Kentucky Long Term Policy Research Center on the fiscal chopping block?
In a move raising eyebrows around the state, the Lexington Herald-Leader reports the Kentucky Long Term Policy Research Center (KLTPRC) may get the total ‘axe’ in the pending budget.
This 17-year old unit would be closed on June 30th along with a savings of $560,000 under language just inserted into the working budget document.
Michael Childress, the center’s executive director is expressing surprise and says there has been no explanation for the sudden shutdown. He says no one has told him if this is due to someone being upset about past reporting from the KLTPRC.
Childress’ comments are echoed by Senate budget chairman Bob Leeper. Leeper told the Herald-Leader that this cut comes simply because money is tight and the KLTPRC does not seem to be a necessity.
We at the Bluegrass Institute are as surprised as everyone else by the announcement.
We had no part in the current budget action.
However, it is no secret that we criticized two KLTPRC papers on Kentucky’s educational performance. We pointed out that in general the data comparisons in those papers were problematic, while two of the data comparisons were totally inappropriate.
The first of those problematic reports was KLTPRC Policy Notes #23, which came out in October 2007. This report ranked Kentucky against the other 50 states on a variety of indicators. Our analysis raised many general questions about all of the data and showed two indicators in particular were highly inappropriate for state to state ranking.
Those were Kentucky’s high school dropout rates and ACT college entrance test scores.
Kentucky’s dropout rates had been officially audited by the Kentucky Auditor of Public Accounts one year prior to the release of KLTPRC Policy Notes #23. They were found to be unreliable. Yet, a year following this official audit, the KLTPRC ranked these unreliable dropout rates anyway.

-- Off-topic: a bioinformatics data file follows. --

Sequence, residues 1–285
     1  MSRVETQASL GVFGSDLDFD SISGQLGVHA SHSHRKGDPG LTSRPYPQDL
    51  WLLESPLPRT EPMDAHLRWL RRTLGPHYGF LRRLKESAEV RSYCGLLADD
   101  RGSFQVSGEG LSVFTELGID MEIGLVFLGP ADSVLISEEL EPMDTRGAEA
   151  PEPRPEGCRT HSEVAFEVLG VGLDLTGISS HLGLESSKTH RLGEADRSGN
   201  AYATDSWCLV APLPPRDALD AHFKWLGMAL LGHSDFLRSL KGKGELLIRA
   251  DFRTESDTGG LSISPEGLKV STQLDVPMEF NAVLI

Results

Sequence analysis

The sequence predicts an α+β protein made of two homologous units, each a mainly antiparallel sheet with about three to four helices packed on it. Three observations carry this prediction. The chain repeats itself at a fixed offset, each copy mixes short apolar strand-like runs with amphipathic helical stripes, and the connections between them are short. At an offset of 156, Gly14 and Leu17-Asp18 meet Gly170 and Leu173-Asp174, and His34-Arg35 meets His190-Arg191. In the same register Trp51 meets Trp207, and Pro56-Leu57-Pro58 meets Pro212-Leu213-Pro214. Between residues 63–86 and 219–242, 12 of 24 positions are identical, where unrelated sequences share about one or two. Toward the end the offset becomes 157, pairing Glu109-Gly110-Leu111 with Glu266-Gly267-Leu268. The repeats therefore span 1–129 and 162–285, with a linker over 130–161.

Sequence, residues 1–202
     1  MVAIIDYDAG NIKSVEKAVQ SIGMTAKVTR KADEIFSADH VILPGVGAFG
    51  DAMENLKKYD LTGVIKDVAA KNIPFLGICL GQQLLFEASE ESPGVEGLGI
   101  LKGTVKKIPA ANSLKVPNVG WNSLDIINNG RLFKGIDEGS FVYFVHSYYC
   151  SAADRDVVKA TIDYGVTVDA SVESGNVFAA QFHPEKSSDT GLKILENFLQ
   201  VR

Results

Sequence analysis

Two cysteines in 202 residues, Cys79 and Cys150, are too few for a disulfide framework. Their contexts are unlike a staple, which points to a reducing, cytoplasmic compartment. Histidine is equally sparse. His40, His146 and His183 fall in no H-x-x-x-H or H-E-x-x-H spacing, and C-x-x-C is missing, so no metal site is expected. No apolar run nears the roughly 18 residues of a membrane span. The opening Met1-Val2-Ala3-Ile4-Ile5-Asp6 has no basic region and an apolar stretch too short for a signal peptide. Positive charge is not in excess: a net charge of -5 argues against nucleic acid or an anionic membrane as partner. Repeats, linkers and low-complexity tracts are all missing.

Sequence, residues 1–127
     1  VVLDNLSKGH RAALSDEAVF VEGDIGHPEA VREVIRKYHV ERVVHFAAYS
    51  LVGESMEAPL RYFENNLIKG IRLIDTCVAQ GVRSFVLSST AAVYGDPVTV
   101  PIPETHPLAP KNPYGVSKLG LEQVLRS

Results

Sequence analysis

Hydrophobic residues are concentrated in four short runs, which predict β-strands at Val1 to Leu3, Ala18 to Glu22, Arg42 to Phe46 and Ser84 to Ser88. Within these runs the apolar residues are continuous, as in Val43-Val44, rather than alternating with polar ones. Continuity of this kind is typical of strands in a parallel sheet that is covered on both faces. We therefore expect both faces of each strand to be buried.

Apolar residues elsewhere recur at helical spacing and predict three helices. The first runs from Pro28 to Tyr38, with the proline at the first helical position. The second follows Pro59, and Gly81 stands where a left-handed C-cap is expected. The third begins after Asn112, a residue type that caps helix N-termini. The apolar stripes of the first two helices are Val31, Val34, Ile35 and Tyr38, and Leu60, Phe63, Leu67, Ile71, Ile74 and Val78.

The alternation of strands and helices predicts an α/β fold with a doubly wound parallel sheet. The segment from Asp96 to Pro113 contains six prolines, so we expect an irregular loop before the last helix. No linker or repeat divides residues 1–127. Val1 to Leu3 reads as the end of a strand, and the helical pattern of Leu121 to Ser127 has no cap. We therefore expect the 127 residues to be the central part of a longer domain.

The second problem involved ranking the ACT college entrance scores for all 50 states. This is highly unacceptable because ACT participation rates for high school graduates vary dramatically around the nation. You simply cannot do an intelligent ranking of the data for Kentucky, where around 70 percent of the graduates take the ACT, to a state on the East Coast, where participation rates are very low, sometimes as low as single-digit percentages. In fact, I contacted the ACT for their comment on this ranking, and that organization said they strongly discourage doing such ranking with their test scores.
That didn’t stop the KLTPRC.
And, when I discussed these issues with the KLTPRC staff after Policy Notes #23 was released, it had no effect. In April 2009 the research unit issued KLTPRC Policy Notes #27, which updated the rankings from the earlier paper.
Once again, despite our previously pointing out that the data was unreliable, the dropout rates were ranked. Once again, the ACT scores were ranked although state participation rates continued to vary dramatically.
Overall, while we have taken strong issue with two KLTPRC reports, overall the Bluegrass Institute has not examined all of the research from this group, and we have not formed an opinion concerning the value the organization may be providing to the state.
And, of course, the budget is still in flux, so any pronouncement of the death of the KLTPRC is premature.